Ten Tips for Optimizing a Web Page for Search Engines
- 1. Do Your Keyword Research
- 2. Incorporate the Keywords in Your Site's Content
- 3. Use Specific HTML Tags for On-Page Optimization
- 4. Choose Title Tags Carefully
- 5. Use Meta Descriptions
- 6. Use Meta Keywords
- 7. Pick Meaningful URL Names for Pages
- 8. Incorporate & Optimize Images
- 9. Use Flash with Caution
With the growing popularity of search engines into the global culture, increasingly webmasters and marketers alike ask the question, "How do I get my site to appear in the search engines?" The following ten tips will help you optimize your site—that means laying down a strong foundation for getting the pages of your web site to start making it into the search engine rankings.
Why optimize? Because you want to make sure you're in control...that you're telling the search engines exactly what the site's pages are about. You want to give the search engines all the clues they need to discover that your page is truly relevant for the keywords and phrases you're targeting.
1. Do Your Keyword Research
How can you optimize a web page without first doing some research into the keywords or key phrases that you would like to be searched for and found? Unless you do the research, it's just like throwing strands of spaghetti against the wall and waiting for something to stick. Keyword research is fundamental to your optimization—whether you have one page or thousands, you should have an idea of what words you want to optimize for.
Having a clear understanding of your goals when it comes to the keywords you select is also imperative. Ask yourself, "Who is it that I want to find my pages?" If you go too broad in your keyword selection, you could find yourself in a highly competitive market. Go too narrow, and you miss the opportunity to cast that wider net for traffic and rankings. Marketers must strike a careful balance when optimizing the pages of a web site.
Unless you're a household name or your product or service has received a lot of recent buzz, optimizing for your company's name or branded items is something you want to avoid. Searchers tend to search on words and phrases that have nothing to with your company's name, but rather on general terms that describe services, products, or types of information.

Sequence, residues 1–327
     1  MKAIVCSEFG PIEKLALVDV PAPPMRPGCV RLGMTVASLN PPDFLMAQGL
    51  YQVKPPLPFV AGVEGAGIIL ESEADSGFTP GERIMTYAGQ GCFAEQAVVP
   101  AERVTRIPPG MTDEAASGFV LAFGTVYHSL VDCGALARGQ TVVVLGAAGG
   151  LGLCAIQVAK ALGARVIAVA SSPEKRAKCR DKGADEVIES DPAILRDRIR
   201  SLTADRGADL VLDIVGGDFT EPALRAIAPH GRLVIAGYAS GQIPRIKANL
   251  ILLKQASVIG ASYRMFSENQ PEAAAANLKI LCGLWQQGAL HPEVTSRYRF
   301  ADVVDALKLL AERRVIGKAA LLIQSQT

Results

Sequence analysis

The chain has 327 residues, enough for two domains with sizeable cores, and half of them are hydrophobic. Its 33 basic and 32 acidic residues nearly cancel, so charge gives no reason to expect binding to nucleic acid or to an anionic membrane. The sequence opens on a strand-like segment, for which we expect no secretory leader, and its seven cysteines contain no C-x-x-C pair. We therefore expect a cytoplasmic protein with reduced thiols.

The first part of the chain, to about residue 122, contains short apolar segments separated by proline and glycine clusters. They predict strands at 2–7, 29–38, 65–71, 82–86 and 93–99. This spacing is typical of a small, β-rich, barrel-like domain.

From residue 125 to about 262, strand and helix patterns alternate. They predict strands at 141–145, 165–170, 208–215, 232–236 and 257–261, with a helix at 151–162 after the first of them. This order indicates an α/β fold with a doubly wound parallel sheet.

Let's take a look at a made-up example: the Oasis Camels site. Oasis Camels is located in a suburb just outside Cherry Hill, New Jersey, and offers camel rides for parties and events. If someone just looked at the company's name, they might wonder, "Do they raise camels?" or "Do they offer camel rides?"
People around the Cherry Hill area likely don't even realize that Oasis Camels exists; so do you think they'll be searching on "Oasis Camels"? Probably not, unless maybe the company gets a splash on the front page of the Philadelphia Inquirer, showing the mayor riding one of the camels. So for our example company, the keyword research should focus around "camel rides," "camel ride operators," and "camel rides for parties." It should also hone in geographically on New Jersey and the southeastern Pennsylvania region.
Now, you're probably wondering how to get that research done, right? There are several free tools that can assist you in your research. Just keep in mind that these tools have definite limits. Free tools such as Yahoo's free keyword tool tend to give only the prior month's data on the number of searches performed on a keyword. The issue with that is seasonality. If you sell Halloween costumes and you're researching in March, your information will be highly skewed. Paid services include Trellian's KeywordDiscovery, Wordtracker, and Hitwise. Each offers a varying degree of features.
Keyword research is the basis of all optimization. It's important to understand what keywords will work for your business—keywords that will not just drive traffic but will drive quality traffic.